Some 1.3 million people signed a petition calling for an end to the construction of Brazil’s massive Belo Monte dam in the Amazon. A delegation of Brazilian celebrities and activists delivered the petition Tuesday to the country’s President Dilma Rousseff and called — yet again — for the immediate suspension of the controversial hydroelectric dam in Para state, located in Brazil’s north.
The dam will be the third largest in the world one built, second to China’s Three Gorges Dam on the Yangtze River. Three Gorges has installed capacity to power 22,000 megawatts of electricity, while Belo Monte has the installed capacity to produce around 11,200 megawatts. Brazil’s Itaipu dam, the world’s second largest, has the installed capacity to generate around 14,000 megawatts.
The Belo Monte dam pits environmental activists, native tribes and clean energy wonks against Brazil’s government and large mining interests like Vale (VALE), which acquired a 9% stake in Norte Energia, the consortium of mostly Brazilian electric power companies that won a bid to own and operate the dam for around 30 years.
Activists say that the dam will destroy a large swath of land in the pristine Amazon rainforest and disrupt the livelihood of at least 20,000 people who will be forced to move because of the flooding that will take place to build the dam’s reservoir. Branches of the Xingu River will be diverted, and this could cause low water levels during the dry season, killing off certain species of fish and making the Bacajá River, a Xingu tributary, unnavigable.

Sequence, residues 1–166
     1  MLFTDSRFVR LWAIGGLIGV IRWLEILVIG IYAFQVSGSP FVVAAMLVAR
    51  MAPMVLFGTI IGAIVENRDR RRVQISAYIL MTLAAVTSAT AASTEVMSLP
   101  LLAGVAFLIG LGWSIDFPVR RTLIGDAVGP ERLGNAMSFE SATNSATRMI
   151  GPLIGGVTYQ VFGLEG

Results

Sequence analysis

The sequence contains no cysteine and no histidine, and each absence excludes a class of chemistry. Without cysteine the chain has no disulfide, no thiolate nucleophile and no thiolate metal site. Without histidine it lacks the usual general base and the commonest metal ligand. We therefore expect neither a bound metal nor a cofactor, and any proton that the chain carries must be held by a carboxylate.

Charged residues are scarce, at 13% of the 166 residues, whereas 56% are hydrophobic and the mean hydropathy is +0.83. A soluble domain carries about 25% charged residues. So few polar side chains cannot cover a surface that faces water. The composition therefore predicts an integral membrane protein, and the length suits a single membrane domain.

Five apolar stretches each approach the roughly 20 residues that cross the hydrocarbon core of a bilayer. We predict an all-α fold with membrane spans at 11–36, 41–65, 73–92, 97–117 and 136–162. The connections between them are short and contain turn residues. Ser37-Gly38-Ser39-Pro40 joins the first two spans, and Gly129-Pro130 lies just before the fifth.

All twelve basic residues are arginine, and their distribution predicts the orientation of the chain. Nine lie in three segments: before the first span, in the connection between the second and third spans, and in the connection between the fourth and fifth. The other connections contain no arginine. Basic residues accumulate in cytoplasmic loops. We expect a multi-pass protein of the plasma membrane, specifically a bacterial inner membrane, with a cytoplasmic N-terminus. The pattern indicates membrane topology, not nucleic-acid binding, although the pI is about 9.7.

The petition comes after the highly popular “Drop of Water Movement”, a web-based viral video campaign led by actor Sergio Marone with a host of well-known Brazilian celebrities inspired by the “Don’t Vote” video spearheaded by actor Leonardo DiCaprio in 2008. The campaign has prompted significant debate in Brazil about the Belo Monte dam, though it has not been the first attempt to derail the power plant.
James Cameron brought Belo Monte to the attention of global Amazon activists in August 2010 with his short anti-Belo video called “Message to Pandora”. In the video, Cameron compares the construction of the dam to the fight portrayed in his hit movie “Avatar” — only instead of the alien natives being attacked by a massive Earthling mining corporation, the indigenous natives are being ousted off their land by the Brazilian government and a Brazilian mining corporation.
The petition was delivered by Marone and Antonia Melo, coordinator of the grassroots alliance Xingu Alive Forever Movement that has opposed construction of Belo Monte and other dams on the Xingu River for over 20 years. The group met with Gilberto Carvalho, a high-level presidential advisor, Edson Lobão, the Minister of Energy, and Isabella Teixeira, the Minister of the Environment and delivered a letter to President Rousseff calling for a moratorium on the construction and licensing of new dams in the Amazon, activist group Amazon Watch said in a press release on Tuesday.
“We were very satisfied to have opened dialogue,” said Marone after the meeting. “We took one more important step. While the government has proven unyielding, we will continue our campaign demanding the immediate paralyzation of the dam’s construction and push for a debate on energy policy that involves true dialogue where the concerns of the population are heard and taken into consideration,” Marone said in the statement.